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NewsWar in Ukraine: mobilisation orders in Russia to be sent electronically

War in Ukraine: mobilisation orders in Russia to be sent electronically

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Russian deputies voted on Tuesday for a bill allowing mobilisation orders to be sent electronically. The measure will make it easier to enlist in the army.

This allowed many Russians to ignore these summonses or to have time to move or even to flee the country, as tens of thousands of men did during the September mobilisation wave to fight in Ukraine.

The bill passed by Russian deputies will allow mobilisation orders to be sent electronically, making it harder for Russians to escape the army and complicating the lives of those who have fled abroad.

“A citizen who can be mobilised will be considered a refractory if he or she has refused to receive a summons or if he or she cannot be reached,” the Duma said in its statement. Russian law provides for heavy prison sentences for draft dodgers.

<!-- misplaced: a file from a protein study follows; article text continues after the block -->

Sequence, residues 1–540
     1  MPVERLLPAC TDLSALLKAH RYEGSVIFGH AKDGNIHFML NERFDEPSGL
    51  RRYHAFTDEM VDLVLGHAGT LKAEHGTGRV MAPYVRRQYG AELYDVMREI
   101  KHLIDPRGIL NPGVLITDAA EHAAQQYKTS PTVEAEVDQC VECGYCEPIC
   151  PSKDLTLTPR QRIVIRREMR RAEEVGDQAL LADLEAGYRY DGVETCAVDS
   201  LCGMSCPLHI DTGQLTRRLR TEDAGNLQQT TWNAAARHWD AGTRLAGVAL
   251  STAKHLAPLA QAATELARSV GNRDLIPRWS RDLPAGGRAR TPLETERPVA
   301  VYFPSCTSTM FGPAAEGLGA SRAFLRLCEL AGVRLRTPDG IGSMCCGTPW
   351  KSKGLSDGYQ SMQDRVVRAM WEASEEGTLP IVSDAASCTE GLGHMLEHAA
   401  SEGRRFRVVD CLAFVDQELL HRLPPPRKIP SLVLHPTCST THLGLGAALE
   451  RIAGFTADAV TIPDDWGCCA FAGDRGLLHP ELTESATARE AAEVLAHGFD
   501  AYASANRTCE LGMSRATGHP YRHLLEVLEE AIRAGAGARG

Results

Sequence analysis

The Ukrainian security services and their Western bosses have launched an aggressive ideological and recruitment campaign targeting our citizens, especially the younger generation.

The head of the Russian security service (FSB), Alexander Bortnikov, accused Ukraine and the West on Tuesday of trying to incite Russians to sabotage and armed rebellion. According to him, this campaign aims to involve Russians “in subversive, terrorist and extremist activities” in Russia. He said that 118 “terrorist crimes” had been foiled in Russia since February, “the perpetrators of which are young people and adolescents, including minors”.

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